But popular culture's focus on UP is skewed more towards violence than other large states that also report tens of thousands of crimes every year.
"There's so much history to the place, so much art, craft, dance. There is much more than guns," screenwriter Juhi Chaturvedi, said in a 2020 interview.
That same year, a comedy-drama written by Chaturvedi - Gulabo Sitabo - delved into the tug-of-war between a landlord and his tenant as they tried to stake claim on a dilapidated mansion. The writer set the story in Lucknow - UP's capital city, where she grew up - and used the art of local puppetry to take the story forward.
Other small-budget films have also managed to tell funny, nuanced stories in UP without a single bullet being fired - comedy dramas such as Shubh Mangal Zyaada Saavdhan, rom-coms like Bareilly ki Barfi.
"A city or an environment is multi-dimensional... Yes, crime is one part of it. But there is much more to a UP or a Bihar," Chaturvedi had added.
Ms Yadav feels that the problem arises when someone with a limited understanding of the state wants to use its larger idiom- "the most populated city, a very communal place, a caste-ridden place" - without exploring the texture of the region.
This, combined with the news stories of crimes that make national headlines, leads to an "otherisation" of the state's people, both Ms Yadav and Mr Sayeed say.
Mr Sayeed - who briefly helped with the research for a show - says there are larger implications to this in terms of how the state is perceived in the national conversation.
Directors have earlier told multi-faceted stories set in UP without shying away from its violence.
"There is violence in Bhardwaj's Omkara (an adaptation of Othello) but it never supersedes and becomes an aesthetic," Ms Yadav says. Independent films like Masaan have captured the violence of routine, daily life.
In 2012, when Kashyap released Gangs of Wasseypur - a two-part crime saga about a coal mafia, set in Wasseypur town of then-undivided Bihar - some residents of the town protested the "insensitive" portrayal of their life and criticised the film for misrepresentation. Some even called the depiction "dangerous" while the film's writer said it was based largely on "reality".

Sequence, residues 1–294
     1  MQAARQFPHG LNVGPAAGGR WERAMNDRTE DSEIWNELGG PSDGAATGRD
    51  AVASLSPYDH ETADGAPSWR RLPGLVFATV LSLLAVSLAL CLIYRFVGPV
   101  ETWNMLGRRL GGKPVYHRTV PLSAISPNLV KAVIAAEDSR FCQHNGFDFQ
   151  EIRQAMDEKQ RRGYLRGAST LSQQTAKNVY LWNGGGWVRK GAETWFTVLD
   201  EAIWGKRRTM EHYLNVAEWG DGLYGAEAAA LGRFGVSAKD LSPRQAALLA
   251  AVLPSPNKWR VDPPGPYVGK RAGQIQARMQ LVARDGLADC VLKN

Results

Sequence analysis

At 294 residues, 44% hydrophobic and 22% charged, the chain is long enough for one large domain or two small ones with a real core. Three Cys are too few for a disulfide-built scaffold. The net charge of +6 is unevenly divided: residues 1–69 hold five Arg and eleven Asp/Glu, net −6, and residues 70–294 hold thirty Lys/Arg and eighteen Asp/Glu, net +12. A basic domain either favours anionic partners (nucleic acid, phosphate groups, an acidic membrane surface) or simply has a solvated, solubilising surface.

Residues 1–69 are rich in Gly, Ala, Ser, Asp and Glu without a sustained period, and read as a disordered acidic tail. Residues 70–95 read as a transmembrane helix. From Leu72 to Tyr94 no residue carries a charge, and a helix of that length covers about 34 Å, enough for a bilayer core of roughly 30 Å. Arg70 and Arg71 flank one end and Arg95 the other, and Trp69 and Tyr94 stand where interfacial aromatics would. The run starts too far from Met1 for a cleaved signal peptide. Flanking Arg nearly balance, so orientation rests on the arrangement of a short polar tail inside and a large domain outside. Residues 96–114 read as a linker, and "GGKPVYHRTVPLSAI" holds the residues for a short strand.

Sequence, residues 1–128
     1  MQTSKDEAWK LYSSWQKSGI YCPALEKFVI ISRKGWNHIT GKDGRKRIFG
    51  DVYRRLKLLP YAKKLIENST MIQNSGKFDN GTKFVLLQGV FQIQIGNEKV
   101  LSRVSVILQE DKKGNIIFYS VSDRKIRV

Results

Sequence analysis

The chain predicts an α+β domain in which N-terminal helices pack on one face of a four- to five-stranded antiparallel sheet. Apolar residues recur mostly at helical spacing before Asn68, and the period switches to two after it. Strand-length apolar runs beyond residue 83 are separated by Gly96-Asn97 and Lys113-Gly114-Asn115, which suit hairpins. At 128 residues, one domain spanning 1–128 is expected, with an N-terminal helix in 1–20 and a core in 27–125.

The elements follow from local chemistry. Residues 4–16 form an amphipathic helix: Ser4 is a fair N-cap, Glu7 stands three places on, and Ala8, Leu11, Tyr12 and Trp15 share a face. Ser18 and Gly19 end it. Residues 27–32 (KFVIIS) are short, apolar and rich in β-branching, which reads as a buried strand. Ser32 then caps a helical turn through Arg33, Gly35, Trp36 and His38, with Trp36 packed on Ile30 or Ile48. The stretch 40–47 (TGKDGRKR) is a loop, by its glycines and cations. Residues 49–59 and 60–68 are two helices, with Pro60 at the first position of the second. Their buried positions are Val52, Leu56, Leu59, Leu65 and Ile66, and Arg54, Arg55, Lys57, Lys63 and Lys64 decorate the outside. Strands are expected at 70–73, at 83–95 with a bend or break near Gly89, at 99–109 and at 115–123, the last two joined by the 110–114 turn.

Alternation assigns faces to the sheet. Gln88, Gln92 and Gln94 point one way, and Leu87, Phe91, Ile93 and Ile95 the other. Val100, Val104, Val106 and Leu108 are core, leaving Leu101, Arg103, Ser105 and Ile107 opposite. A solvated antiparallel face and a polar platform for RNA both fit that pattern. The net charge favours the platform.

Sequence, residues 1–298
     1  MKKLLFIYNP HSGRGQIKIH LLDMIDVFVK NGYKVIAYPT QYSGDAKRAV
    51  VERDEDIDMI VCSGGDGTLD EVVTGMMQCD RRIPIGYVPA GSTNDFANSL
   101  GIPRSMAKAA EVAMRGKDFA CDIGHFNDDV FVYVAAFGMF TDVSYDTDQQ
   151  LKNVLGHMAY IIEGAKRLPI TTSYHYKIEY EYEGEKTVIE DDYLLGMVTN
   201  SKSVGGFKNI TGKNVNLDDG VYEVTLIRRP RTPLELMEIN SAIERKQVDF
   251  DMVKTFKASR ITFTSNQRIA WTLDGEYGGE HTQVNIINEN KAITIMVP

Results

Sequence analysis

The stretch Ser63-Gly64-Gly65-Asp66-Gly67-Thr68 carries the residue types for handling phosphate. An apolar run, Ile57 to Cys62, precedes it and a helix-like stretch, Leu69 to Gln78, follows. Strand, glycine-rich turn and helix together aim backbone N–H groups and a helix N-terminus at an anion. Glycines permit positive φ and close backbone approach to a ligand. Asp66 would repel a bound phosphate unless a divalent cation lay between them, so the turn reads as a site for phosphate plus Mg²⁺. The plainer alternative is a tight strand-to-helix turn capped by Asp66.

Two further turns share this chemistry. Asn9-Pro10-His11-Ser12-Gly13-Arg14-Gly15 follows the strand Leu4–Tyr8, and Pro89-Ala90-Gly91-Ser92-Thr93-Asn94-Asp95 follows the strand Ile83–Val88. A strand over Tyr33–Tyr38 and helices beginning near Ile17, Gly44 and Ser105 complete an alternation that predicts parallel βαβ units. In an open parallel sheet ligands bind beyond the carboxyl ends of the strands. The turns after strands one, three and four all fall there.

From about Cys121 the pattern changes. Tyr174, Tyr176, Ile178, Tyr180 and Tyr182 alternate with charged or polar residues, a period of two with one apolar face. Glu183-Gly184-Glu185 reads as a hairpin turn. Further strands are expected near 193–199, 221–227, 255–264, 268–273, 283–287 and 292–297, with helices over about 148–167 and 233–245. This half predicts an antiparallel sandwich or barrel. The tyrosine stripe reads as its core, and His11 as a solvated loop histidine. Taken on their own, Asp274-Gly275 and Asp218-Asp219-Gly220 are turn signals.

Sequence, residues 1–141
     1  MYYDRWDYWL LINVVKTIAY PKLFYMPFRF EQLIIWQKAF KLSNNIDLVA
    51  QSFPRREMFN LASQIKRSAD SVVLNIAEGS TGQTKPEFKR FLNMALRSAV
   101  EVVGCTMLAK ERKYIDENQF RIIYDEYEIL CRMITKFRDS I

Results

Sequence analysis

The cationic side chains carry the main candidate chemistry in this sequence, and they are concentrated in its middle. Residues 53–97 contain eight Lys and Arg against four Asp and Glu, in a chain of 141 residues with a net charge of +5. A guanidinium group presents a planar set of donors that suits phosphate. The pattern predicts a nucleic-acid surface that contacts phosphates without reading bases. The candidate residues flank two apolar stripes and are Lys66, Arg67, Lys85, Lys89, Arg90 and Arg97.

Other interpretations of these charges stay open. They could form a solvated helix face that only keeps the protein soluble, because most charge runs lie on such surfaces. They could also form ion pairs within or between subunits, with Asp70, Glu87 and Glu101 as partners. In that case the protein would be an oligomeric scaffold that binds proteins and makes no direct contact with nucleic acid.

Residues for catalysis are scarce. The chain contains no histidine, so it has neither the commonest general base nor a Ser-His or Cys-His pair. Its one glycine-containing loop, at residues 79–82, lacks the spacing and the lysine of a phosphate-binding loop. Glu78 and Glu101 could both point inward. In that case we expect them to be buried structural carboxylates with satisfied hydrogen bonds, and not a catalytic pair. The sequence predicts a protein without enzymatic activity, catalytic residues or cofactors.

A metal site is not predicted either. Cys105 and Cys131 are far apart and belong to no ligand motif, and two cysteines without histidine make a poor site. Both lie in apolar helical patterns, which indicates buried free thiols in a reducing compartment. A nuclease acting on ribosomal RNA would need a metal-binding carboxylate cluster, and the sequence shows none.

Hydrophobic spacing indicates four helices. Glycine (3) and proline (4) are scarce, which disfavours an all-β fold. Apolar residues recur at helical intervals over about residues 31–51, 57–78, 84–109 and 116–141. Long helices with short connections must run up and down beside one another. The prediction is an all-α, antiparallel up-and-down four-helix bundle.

"Bihar and Jharkhand were disturbed by Anurag Kashyap's film - with chutney music (a fusion genre of Indian folk music) being showcased as their regional music, with the idiomatic representation and with the violent representation," Mr Sayeed recalls.
The violence in newer shows has become formulaic in a way that is detached from the story's location. This makes it easier for them to travel across languages and borders because the context matters less and less, Ms Yadav says.
The situation isn't very different for more urbane thrillers such as Sacred Games and Arya.
"Let's imagine Sacred Games in UP, how much will it change? I don't think it'll change much because the aestheticization of violence will still remain the same," Ms Yadav says. "If Mirzapur moved to Gujarat state, very little is likely to change, including maybe the linguistic logic."
This is unlike films such as Masaan or Mukti Bhawan, she says, which capture an essential part of Benaras city in UP and cannot be set elsewhere.
Currently, many of these shows are produced by streaming platforms which have big promotion and marketing budgets to draw in a large audience.
"If [those dynamics] change, I think a lot of other things will also change," she says.